This lemma turns out to be particularly useful when applied to the nodal components of a solution to the eigenfunction equation :

Corollary 3Let be a solution to the eigenfunction equation , not necessarily obeying the Neumann boundary condition. Let be the nodal domains of (i.e. the connected components of in ). Thenfor all but at most one , where is the derivative in the outward normal direction. If , then we can make the inequality (1) strict. Finally, (1) holds (with strict inequality) whenever is contained in one of the three sides of

*Proof:* We apply the previous lemmas with , and observe from integration by parts that

As worked out in previous polymath7 threads, applying this corollary to the Neumann eigenfunction yields that the nodal curve is simple and connects two distinct sides of the triangle . However, the new advances of Miyamoto and Siudeja have come from applying this corollary to other solutions to the eigenfunction equation. For instance:

Corollary 4Let be a non-trivial solution to the eigenfunction equation , not necessarily obeying the Neumann boundary condition. Then the nodal curve does not contain any loops.

This leads to a variant of the maximum principle:

Corollary 5Let be a solution to the eigenfunction equation , not necessarily obeying the Neumann boundary condition. If on , then on .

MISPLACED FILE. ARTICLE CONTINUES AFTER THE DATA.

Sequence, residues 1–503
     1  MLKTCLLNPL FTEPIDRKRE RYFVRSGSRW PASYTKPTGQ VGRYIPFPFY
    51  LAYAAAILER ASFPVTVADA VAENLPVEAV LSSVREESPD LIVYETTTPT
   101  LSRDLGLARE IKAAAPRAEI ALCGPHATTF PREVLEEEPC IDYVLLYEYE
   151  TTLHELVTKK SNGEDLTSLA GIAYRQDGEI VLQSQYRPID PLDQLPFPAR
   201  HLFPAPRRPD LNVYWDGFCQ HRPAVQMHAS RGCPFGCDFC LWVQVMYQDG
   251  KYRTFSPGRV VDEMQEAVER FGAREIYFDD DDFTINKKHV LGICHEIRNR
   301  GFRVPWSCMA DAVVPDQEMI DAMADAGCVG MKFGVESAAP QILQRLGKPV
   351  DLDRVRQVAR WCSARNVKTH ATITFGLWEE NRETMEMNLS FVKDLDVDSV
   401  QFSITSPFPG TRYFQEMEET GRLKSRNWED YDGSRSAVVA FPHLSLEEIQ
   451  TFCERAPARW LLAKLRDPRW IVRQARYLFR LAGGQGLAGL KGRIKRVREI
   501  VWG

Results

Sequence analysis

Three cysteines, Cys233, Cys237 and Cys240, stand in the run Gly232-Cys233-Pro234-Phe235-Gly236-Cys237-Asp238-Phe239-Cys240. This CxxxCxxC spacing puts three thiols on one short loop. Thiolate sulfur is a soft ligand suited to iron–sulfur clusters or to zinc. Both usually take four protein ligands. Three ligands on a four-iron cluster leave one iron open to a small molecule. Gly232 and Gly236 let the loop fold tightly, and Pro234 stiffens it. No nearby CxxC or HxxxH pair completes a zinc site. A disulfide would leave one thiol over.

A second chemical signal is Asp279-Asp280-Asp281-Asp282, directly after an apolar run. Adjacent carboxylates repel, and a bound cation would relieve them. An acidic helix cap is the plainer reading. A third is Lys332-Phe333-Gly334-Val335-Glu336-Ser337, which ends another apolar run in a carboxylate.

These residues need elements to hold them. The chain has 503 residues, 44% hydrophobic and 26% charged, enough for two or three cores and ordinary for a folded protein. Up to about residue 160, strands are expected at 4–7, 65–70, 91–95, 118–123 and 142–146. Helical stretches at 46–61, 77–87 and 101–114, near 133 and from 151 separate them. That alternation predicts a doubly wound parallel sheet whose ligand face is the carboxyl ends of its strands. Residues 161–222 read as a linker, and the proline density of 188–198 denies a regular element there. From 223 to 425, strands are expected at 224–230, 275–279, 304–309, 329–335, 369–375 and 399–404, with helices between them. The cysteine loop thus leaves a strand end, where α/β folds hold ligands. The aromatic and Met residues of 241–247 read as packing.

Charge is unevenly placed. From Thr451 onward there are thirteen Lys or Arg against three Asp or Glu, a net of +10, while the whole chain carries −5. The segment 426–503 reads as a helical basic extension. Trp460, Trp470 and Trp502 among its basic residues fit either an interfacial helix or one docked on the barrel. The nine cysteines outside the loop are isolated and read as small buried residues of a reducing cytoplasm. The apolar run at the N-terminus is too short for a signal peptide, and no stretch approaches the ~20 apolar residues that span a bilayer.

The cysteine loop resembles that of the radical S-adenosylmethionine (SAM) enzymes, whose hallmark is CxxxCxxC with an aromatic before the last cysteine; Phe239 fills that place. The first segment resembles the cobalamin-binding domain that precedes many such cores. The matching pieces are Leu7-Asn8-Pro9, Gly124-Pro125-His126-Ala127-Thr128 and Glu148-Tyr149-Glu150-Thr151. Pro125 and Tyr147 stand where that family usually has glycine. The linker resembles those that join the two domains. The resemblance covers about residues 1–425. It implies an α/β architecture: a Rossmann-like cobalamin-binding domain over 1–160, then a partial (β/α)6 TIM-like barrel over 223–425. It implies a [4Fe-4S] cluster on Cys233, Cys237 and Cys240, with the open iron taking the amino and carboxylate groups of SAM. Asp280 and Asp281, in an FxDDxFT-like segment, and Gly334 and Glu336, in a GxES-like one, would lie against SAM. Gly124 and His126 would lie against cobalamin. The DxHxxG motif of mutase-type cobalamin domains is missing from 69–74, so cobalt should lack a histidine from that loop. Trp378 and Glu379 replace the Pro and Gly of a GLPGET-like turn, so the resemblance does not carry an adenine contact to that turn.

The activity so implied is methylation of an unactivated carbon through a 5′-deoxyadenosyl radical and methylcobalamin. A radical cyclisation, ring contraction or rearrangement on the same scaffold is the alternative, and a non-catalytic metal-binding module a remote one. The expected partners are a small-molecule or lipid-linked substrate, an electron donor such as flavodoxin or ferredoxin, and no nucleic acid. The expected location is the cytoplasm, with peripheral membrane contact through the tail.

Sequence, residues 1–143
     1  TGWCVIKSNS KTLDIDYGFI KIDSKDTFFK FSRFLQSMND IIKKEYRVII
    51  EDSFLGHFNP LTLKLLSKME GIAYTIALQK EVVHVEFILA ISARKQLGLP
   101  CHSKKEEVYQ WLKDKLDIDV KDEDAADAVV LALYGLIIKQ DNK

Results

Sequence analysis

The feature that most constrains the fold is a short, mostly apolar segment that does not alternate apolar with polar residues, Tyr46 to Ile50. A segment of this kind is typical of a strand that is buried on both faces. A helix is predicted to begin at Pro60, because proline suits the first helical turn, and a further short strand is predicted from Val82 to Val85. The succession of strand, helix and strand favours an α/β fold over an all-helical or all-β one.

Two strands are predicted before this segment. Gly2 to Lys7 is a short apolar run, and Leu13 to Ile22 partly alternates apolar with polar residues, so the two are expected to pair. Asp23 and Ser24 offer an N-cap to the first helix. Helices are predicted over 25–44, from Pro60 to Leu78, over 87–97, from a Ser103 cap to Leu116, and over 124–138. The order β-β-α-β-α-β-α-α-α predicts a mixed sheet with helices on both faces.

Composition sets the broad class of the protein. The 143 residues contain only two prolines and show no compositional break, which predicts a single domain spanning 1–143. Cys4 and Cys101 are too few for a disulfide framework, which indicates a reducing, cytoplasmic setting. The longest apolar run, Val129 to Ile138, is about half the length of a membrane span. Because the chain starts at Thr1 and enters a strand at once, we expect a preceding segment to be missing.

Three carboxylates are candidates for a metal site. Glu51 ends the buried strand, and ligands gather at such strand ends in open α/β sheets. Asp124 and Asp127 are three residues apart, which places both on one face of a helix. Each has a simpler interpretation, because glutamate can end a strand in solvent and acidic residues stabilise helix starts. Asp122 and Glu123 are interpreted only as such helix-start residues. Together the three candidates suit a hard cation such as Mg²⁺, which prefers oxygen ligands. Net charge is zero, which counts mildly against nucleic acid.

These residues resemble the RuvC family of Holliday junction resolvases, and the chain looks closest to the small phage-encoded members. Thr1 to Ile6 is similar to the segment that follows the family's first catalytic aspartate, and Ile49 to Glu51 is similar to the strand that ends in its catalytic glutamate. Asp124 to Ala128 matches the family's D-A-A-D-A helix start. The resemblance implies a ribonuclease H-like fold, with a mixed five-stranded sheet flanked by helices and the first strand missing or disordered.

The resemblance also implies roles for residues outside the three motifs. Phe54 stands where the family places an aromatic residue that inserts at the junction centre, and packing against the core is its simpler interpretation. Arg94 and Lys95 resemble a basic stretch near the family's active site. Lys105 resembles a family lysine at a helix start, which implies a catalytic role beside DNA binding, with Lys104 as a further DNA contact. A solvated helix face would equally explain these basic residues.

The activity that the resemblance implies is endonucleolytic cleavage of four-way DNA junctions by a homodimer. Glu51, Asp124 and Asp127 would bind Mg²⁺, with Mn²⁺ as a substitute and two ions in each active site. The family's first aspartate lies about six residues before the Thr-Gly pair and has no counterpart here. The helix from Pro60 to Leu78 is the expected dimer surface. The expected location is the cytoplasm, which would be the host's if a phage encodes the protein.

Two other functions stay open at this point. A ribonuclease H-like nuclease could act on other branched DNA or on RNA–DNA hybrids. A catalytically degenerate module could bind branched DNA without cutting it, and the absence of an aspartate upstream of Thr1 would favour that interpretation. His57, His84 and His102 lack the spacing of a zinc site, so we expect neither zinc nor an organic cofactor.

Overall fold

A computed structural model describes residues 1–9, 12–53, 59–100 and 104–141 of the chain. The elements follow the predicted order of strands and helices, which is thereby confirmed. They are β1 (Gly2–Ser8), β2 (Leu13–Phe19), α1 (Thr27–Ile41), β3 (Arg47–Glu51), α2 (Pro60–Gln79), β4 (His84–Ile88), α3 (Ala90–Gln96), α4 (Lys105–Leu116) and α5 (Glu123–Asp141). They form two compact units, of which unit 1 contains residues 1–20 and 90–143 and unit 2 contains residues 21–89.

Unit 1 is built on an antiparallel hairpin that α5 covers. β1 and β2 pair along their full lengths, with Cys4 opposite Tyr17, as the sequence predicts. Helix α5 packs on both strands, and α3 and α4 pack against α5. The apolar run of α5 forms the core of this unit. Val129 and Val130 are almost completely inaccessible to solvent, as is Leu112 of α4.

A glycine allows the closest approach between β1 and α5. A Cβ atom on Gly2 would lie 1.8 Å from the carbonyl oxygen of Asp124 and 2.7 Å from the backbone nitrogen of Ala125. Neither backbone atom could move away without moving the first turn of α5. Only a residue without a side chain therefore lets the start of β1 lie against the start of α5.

One particularly nice solution to use in the above corollary is a directional derivative of , yielding the following result of Siudeja:

Corollary 6Suppose that has no critical points on the interior of two of the three sides of the triangle . Then has no critical points in the interior of either. In particular, the hot spots conjecture is true for this triangle.

*Proof:* Apply the previous corollary to the derivative of in the direction normal to the third side, to conclude that that derivative does not change sign in the interior of the triangle. But this is incompatible with a critical point in the interior (as can be seen for instance by a Bessel expansion around that point).

Another fruitful solution to use is some linear combination of and another solution designed to create a degenerate critical point . This gives the following criterion of Miyamoto for excluding critical points at certain locations: